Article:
Have you tried setting Java system property java.compiler to "jitc" to
make it use the JIT compiler?

I'm not saying what the results should be, but IBM has been saying for
the last couple of releases that JIT should be as fast or faster than
direct executable (what comes out of CRTJVAPGM).

Here's a link:



date: Tue, 25 Sep 2007 15:37:59 -0700
from: "Clapham, Paul" <pclapham@xxxxxxxxxxxxx>
subject: Why does CRTJVAPGM take so long sometimes?

Hello all,

Here's my situation. I have a process (identical copies running on
several iSeries machines) that runs a list of Java tasks, and this
process has "hot deployment" built into it. What that means is this:
There is a reference directory where the jar file for the application
resides. To hot-deploy the application, I simply drop the new version of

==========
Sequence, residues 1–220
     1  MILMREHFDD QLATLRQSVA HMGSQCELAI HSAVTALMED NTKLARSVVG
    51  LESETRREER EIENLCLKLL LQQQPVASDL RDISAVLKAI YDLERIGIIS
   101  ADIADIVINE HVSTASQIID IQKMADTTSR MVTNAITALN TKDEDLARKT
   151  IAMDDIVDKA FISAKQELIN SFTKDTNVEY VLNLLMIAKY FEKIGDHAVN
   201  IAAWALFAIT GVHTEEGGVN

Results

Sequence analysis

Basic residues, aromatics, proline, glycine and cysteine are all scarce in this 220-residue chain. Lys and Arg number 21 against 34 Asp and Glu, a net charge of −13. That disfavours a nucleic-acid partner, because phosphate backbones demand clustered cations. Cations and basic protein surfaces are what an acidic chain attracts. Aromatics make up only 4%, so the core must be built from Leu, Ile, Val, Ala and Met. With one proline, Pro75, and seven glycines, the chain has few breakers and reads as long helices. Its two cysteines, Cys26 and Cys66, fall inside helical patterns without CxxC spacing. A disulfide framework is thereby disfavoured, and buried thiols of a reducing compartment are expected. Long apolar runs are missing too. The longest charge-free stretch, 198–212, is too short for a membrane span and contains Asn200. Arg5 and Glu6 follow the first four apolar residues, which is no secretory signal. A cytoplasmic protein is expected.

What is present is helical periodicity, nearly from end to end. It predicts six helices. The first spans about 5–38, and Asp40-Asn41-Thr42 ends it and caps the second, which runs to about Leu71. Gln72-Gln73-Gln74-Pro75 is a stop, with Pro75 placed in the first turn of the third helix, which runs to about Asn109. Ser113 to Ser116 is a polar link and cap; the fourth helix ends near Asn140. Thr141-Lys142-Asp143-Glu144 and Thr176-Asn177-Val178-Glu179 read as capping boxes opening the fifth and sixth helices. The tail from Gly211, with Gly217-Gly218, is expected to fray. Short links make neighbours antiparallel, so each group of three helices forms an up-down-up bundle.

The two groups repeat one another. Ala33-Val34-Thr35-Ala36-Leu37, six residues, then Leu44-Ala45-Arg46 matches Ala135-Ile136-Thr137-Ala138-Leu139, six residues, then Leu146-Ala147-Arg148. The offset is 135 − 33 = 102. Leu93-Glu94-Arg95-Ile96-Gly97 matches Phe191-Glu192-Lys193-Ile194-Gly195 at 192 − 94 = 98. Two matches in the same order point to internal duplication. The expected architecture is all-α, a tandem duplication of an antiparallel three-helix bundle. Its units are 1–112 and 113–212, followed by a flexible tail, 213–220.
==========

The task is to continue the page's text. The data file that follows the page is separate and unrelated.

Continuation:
the jar file into that directory.

When the process detects the new jar file, it stops each task and copies
the jar file into the task's classpath. Then it starts the task again.
(It's Java code doing this, it just copies the jar file in the obvious
way.) And in the stdout of the process I see a lot of lines that say
"Attaching Java program to...".

The problem is, on some machines this hot-deployment procedure takes a
ridiculously long time. At present the application is less than 200
classes and the jar file is about 300K. On one machine it takes about a
minute and a half to do this for each task, whereas on another machine
it takes less than 10 seconds. And when you multiply that by 50 or 100
tasks, you can't even call it lukewarm deployment.

When I use DSPJVAPGM to see what the procedure did, it says
"Optimization... *INTERPRET" so I don't believe I can ask for anything
less than that. So what can I look at to see why it takes so long?

Paul Clapham

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